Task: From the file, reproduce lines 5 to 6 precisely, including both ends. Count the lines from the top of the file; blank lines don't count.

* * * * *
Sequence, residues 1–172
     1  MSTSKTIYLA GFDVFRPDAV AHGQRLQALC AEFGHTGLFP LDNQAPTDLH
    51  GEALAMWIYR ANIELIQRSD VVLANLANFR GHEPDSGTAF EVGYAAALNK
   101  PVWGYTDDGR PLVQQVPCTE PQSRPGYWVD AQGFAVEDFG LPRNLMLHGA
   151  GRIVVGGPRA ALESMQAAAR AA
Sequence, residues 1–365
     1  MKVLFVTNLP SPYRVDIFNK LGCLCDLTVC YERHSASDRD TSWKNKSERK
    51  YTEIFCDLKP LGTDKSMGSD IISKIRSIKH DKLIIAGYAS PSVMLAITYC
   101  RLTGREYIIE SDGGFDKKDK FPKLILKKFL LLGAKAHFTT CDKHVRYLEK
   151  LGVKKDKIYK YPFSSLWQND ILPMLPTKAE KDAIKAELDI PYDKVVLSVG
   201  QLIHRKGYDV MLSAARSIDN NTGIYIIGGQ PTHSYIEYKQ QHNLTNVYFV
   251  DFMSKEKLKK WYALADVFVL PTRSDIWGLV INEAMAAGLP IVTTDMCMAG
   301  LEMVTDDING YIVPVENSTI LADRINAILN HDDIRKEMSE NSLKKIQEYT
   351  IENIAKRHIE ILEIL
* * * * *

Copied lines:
   151  GRIVVGGPRA ALESMQAAAR AA
Sequence, residues 1–365